9. Not Again!

    Perhaps this is just another indication (if any were needed) that things go out of control when a driver (of car, tram, train etc) is distracted by using a mobile. It's a very high cost in human life for someone to apparently be keeping in touch with someone! So very sad. Mind you, I wonder id people generally underestimate the danger from trams. The online manchester Evening News is always reporting delays and suspended tram services due to collisions with motor vehicles and, even with my infrequent trips home, I've seen many a near-miss between pedestrian and trams in Manchester city centre.
  10. Happy Birthday Whisper

    Happy Birthday, Whisper. May you have many, many more of them and lots of sunny, funny days in-between. Have a great day today Cheers
  11. Happy Birthday Whisper

    Sorry to hear that but I am sure that it won't stop you having another fruitful year! Take care
  12. Judges rule on Brexit

    So you are happy with that based on recent performance? I agree that everything cannot be put to the public but something as significant as leaving the EU is a matter for the public-at-large and their decision should be binding. I think it is called democracy
  13. Orgreave Inquiry

    In an address (in Rotherham) live now on Sky News, Owen Smith says he will demand a Hillsborough style inquiry into the events at Orgreave. No doubt another attempt by a politician to undermine the Police. Mind you, he might be wise to consider the potential outcome - there could well be evidence pointing to the Soviet funding of the miners' strike along with other interesting tit-bits of information! I have always been surprised that Bliar didn't try to do more to use this event as a stick to beat the Police - perhaps he had more "inside" information.,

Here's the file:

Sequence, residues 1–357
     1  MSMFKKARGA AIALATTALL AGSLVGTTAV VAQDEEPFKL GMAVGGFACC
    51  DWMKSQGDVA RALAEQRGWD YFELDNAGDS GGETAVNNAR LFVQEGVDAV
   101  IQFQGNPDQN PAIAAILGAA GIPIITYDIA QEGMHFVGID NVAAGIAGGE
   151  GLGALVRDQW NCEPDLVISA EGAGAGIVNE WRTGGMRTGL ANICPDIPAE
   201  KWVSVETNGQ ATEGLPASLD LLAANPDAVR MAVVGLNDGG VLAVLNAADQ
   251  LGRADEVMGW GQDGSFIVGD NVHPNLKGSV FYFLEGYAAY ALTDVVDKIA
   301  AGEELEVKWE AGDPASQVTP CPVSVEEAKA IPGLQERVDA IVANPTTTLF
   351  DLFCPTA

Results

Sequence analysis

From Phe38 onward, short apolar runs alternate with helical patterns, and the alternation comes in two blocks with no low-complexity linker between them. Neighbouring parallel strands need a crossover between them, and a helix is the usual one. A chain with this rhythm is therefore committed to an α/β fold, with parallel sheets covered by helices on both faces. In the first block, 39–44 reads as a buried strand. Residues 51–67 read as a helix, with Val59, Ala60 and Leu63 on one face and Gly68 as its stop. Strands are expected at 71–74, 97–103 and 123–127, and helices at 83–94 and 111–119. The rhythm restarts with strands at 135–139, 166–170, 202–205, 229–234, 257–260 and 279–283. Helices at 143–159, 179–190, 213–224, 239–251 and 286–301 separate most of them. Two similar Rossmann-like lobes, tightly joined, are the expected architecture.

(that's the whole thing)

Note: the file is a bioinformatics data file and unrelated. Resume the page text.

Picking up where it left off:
14. Orgreave Inquiry

    Zulu' Your story is yet another example of how reality gets "lost" in the political shenanigans that surround many "labour disputes". I am sure there were many similar instances like yours - as you were told, the strikers had to picket to get their strike-pay. In the period from the 50s up to the early 90s, the USSR sought to subvert UK unions with large monetary donations that were neither accounted for nor used except to support the lavish lifestyles of key leaders. If the inquiry doesn't go away, I hope you are right and the unions are thoroughly investigated but, being a cynic, I doubt that will happen (and we don't have many "cold-war" investigators left with the skills, experience & knowledge of just what went on that would enable them to get to the roots of the situation).
  15. Orgreave Inquiry

    Neither of them have denied the stories and there have been photographs of them together; he probably helped her up greasy pole over the years.
  16. Orgreave Inquiry